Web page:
Solar micro-grid is an innovation that can power the remotest parts of India with clean energy that can now eradicate energy poverty.
Almost everyone understands energy security but not as many when it comes to energy poverty. More than 800 million people or nearly one out of every seven in the world today don’t have access to electricity and several million more who are denied a reliable source of power. This is perhaps one of those issues that does not stare us in our face like global warming or economic poverty. Yet, if one scratches the surface, lack of access to electricity is a serious challenge, more so in developing countries like India.
The real challenge in providing universal access to power is in fact more about economics than anything else. There is a supply side challenge and a demand side challenge that one should understand and interestingly these are closely connected. Building large power plants and transmission grids that run into several hundred kilometers before landing at sub-stations and the intricate last mile connections that take electricity to homes, schools, hospitals and factories is how it works today. A large infrastructure such as this comes with cost i.e. economic and environmental, not to mention other related challenges like land acquisition etc. Higher costs means a vast majority of Indians cannot afford to pay for them, which leads to other problems like power theft. In many ways, this has been the main reason why universal access to power has been a long pending issue in India.
After more than seven decades of gaining independence and a century after the first power plant was commissioned in India, we have landed on a solution that can be game changer for everyone – Solar Microgrid.
Typical solar micro-grids consist of an array of photovoltaic (PV) cells that generates power and transmits to a central controller called the Power Conditioning Unit (PCU). The PCU then transmits electricity directly to homes, shops, offices, street lights, etc. Further during the day, if the power generated is not used or surplus power is generated, the PCU directs this to the battery bank which stores power. This power can then be used after the sunset.
However, there is a lot more to solar micro-grids.
A host of technologies, partners and a dedicated team at grassroots have come together to make all this happen. At the heart of this solution is what is known as REM – Reference Electrification Model.
REM helps in finding out the best electrification solution for any given area based the location, how much sunlight is received in the case of solar power, reach of grid, demand for power (based on population and use), fuel costs etc. REM can be used both for large and small projects, all the way down to single system. By including technical, economic and market data, REM helps in building different scenarios to ensure the optimal solution for any electrification project at the planning stage.
The tool is now known as Optimised Cost of Electrification Model or OCEM (pronounced awesome). We are not only using it for our microgrids that we are planning in India, but also used in some other countries like Rwanda and Mozambique in Africa. This is the first innovation and technology innovation we did while developing microgrid. The road to microgrid was through many of these challenges, innovation and new solutions.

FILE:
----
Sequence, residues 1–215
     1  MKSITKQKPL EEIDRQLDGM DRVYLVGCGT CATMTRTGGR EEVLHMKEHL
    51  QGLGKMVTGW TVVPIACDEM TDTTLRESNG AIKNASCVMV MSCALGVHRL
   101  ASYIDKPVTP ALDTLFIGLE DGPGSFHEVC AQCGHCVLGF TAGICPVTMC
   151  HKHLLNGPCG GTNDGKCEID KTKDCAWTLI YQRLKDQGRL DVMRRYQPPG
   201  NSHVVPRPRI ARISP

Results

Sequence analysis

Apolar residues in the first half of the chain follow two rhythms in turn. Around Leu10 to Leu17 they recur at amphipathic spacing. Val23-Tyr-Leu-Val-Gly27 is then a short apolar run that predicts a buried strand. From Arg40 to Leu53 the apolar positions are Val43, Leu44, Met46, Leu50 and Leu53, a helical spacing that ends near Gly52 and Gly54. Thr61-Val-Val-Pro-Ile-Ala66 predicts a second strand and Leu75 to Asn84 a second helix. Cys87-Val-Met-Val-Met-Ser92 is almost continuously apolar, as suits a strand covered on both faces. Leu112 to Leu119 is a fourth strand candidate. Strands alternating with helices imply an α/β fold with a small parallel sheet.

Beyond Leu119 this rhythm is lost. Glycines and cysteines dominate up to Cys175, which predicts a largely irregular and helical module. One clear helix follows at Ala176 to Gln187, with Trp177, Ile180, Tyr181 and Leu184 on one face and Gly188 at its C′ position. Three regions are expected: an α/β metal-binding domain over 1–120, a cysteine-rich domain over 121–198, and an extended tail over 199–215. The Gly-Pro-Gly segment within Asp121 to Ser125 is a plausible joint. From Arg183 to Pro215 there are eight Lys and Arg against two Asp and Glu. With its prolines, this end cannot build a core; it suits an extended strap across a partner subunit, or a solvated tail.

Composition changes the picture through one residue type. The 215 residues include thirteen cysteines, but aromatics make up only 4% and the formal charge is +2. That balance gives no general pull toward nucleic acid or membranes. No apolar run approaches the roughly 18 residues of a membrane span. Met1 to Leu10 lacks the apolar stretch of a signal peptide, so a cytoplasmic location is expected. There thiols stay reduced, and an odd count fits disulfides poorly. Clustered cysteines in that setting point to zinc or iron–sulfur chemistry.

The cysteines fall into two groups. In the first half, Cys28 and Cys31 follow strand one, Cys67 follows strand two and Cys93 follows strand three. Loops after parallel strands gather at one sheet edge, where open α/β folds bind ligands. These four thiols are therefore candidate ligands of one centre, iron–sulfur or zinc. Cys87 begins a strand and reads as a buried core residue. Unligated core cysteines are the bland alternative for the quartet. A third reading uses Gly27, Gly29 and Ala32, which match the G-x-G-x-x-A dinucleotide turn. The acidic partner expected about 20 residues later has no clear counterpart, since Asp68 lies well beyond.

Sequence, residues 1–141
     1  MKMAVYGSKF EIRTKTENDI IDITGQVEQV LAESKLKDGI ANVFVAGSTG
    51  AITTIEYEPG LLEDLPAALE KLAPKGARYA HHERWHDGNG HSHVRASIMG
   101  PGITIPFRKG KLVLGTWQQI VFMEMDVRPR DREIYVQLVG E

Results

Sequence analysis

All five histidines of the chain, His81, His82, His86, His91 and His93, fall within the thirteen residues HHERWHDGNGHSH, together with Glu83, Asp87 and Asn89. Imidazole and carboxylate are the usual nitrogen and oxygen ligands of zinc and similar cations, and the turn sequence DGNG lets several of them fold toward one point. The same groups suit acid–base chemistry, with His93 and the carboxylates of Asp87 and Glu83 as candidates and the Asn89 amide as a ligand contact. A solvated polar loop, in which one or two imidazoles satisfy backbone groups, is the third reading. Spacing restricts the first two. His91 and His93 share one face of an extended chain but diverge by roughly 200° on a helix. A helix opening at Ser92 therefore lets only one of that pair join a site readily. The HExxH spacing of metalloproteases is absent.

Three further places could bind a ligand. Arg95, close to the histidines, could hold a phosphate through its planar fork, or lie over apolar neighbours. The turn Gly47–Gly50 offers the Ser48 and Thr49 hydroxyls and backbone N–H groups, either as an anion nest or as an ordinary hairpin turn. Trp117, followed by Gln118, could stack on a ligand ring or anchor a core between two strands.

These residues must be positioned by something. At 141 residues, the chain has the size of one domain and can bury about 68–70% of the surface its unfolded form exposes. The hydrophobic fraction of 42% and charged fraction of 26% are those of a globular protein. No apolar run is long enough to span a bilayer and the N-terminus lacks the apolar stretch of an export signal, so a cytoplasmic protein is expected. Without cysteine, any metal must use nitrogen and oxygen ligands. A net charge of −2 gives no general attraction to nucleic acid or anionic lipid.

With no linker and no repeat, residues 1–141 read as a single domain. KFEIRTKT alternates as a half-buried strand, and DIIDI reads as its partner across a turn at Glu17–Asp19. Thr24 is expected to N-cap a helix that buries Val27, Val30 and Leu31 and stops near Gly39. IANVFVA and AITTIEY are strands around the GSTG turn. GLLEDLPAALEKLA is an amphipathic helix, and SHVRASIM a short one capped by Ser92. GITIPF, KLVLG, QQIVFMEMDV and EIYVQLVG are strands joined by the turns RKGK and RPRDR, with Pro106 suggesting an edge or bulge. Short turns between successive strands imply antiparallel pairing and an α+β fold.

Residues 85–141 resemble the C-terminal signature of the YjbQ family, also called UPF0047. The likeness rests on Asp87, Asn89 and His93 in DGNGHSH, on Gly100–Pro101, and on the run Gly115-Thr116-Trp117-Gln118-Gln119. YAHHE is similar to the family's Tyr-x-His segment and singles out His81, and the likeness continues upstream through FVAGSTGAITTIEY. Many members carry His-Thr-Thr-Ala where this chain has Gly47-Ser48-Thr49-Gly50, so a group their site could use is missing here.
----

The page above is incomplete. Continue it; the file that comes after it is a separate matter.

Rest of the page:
The objective was we develop a tool which will be able to tell us what sort of electrification is required. And the tool is now known as Optimised Cost of Electrification Model or OCEM (pronounced awesome). We are not only using it for our microgrids that we are planning in India, but also used in some other countries like Rwanda and Mozambique in Africa. This is the first innovation and technology innovation we did while developing microgrid. The road to microgrid was through many of these challenges, innovation and new solutions.
The potential success of the solar microgrid model to successfully electrify complex and layered markets like India is due to a few enablers. Today we are seeing a host of individual institutions from both private and public sector coming together to resolve very complex socio-economic challenges. The microgrid model were faced with three challenges — battery technologies that were prohibitive, dependence on polluting diesel generators (DGs) and cost to consumers. After considerable research and experimentation, today we have found a cost-effective battery technology, replaced DGs with biomass-based generators and have consumer appliances that are 10 times more efficient than what is been available until now.
Another enabler is perhaps the power of public-private partnership that has brought together technology, capital and grassroots social activism that now holds the potential to change the electrification landscape of rural India.
The founding fathers of India’s century old road to electrification had dreamt of providing clean, abundant and affordable electricity to all. And for the first time we seem to be at the cusp of not only providing electricity but also economic opportunities they have been denied for so many years.